Friday, June 24, 2016

The Manhattan Project

Oak Ridge Tennessee
is the home of the Manhattan Project, one of the locations where the atomic bomb was developed. There is plenty of history to see in Oak Ridge. Oak Ridge did not exist until the early 1940's when our government decided we had to see if atomic theory would work to build a bomb. Scientific minds thought it would but the only way to prove it was to build it. 

We visited the museum today but could not get a seat on the daily tour bus that takes you through some of the top secret areas that still exist today. We will try again the next time we are near Oak Ridge. The museum entry was $4.00 each, quite a bargain for what they have in the large building. If you have not heard the story or seen the movie, it's another American historical event that I would compare to the Moon landings in the late 1960's. It's a one or two day stop to see it all. Here is the link so take a look. There are other locations in the country that also worked on the project. We hope to visit all of them.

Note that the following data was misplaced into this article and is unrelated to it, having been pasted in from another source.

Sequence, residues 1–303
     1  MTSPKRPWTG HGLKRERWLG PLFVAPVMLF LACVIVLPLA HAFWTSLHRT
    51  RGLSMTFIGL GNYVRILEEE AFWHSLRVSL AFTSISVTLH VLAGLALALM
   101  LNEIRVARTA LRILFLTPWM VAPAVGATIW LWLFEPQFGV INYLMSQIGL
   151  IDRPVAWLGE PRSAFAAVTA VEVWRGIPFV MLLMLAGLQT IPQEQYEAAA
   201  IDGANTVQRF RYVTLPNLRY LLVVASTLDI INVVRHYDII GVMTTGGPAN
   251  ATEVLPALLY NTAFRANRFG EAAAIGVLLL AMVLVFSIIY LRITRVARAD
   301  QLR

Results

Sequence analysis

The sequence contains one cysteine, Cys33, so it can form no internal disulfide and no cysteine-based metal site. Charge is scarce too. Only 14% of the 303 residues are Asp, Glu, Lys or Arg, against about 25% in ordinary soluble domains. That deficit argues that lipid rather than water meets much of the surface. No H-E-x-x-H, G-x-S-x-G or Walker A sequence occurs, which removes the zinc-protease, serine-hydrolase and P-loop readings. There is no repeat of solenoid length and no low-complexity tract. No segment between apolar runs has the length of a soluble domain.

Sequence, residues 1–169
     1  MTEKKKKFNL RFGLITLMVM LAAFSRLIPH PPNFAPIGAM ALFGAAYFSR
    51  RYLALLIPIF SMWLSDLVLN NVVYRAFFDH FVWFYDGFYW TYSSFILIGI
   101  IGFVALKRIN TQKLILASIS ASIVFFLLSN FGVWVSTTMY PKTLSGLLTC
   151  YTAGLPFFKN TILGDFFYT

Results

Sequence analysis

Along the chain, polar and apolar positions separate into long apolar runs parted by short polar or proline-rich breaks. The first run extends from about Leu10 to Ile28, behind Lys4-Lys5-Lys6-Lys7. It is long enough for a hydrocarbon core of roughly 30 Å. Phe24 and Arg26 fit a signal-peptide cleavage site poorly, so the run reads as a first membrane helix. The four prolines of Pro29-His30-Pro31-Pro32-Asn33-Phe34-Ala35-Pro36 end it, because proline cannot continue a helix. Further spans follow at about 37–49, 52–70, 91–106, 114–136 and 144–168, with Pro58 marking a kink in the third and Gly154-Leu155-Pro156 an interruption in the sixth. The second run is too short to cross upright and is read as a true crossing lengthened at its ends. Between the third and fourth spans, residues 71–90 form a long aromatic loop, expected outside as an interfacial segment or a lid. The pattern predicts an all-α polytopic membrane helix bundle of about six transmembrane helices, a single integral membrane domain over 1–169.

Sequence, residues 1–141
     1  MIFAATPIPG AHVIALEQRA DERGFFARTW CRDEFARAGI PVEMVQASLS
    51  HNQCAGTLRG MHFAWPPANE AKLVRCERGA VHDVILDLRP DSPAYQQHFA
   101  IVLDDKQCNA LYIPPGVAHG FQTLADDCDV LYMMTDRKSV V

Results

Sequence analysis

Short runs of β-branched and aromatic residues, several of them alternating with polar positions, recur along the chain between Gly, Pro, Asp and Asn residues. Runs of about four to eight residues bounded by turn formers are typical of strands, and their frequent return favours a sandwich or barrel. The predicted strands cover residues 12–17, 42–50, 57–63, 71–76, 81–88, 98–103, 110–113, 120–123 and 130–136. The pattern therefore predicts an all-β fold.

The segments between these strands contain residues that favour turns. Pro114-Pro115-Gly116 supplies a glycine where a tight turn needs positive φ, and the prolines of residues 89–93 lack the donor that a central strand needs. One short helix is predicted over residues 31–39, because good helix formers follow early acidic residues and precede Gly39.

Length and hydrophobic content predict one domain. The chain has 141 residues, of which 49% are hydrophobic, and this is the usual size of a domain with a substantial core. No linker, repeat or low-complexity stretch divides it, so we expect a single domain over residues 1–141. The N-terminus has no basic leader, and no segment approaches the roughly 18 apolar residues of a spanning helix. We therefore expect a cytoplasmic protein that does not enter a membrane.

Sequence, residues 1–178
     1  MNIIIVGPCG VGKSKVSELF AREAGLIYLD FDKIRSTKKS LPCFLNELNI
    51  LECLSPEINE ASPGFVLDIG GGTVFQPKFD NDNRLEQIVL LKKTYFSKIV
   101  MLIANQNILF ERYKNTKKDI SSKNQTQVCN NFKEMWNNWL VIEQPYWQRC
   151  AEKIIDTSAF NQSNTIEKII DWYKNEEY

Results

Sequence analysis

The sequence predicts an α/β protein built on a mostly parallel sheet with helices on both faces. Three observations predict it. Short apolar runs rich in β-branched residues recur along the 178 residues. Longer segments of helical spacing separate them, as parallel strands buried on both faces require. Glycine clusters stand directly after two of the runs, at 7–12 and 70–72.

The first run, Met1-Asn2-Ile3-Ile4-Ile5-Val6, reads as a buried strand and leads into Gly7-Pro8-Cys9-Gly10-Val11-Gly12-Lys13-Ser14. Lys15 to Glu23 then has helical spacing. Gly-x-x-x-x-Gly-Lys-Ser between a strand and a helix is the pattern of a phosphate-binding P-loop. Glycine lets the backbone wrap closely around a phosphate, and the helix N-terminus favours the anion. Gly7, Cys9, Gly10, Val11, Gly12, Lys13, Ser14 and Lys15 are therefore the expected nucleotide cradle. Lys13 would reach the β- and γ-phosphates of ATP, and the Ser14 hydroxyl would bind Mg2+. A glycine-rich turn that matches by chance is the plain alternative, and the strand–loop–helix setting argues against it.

Since this museum is science & energy, the first thing we found was this car "printed" by a large 3D printer. It's a real car with engine and all. This car may have been on a TV show about the printing technology last year .

There were three separate areas constructed for the project. There were 75,000 people living in the area for the project. The government took over the land and constructed everything. The construction project is a story in itself, all completed in less than three years. The museum has movies and many details about the entire project.
A model of the Oak Ridge "graphite reactor".
An early electron gun.
More early equipment
Still more and I did not get every detail about all of the exhibits.
If you know history, you have heard of the Enola Gay that dropped the first atom bomb on Japan. The second bomb dropped a week later caused Japan to surrender and ended World War II. That was the purpose of the Manhattan Project. 
Today, the nuclear waste is a big problem. There were examples of how they contain the waste. I did communications work as a contractor at Fernald in Ohio along with other employees where I worked. Fernald was called a "feed materials" plant which handled highly radioactive material. I watch the waste containment dome work from the main control room while I installed new communications equipment. That day had lots of people very nervous as they pumped foam under the dome to keep them from collapsing. Fernald was closed several years ago and cleaned up, now a nature preserve.

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